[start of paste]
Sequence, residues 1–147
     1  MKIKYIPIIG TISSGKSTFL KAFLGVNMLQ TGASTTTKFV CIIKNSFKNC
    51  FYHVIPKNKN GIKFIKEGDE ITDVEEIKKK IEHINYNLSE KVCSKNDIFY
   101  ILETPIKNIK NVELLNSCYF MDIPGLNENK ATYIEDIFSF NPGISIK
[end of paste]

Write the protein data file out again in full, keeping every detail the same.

Sequence, residues 1–147
     1  MKIKYIPIIG TISSGKSTFL KAFLGVNMLQ TGASTTTKFV CIIKNSFKNC
    51  FYHVIPKNKN GIKFIKEGDE ITDVEEIKKK IEHINYNLSE KVCSKNDIFY
   101  ILETPIKNIK NVELLNSCYF MDIPGLNENK ATYIEDIFSF NPGISIK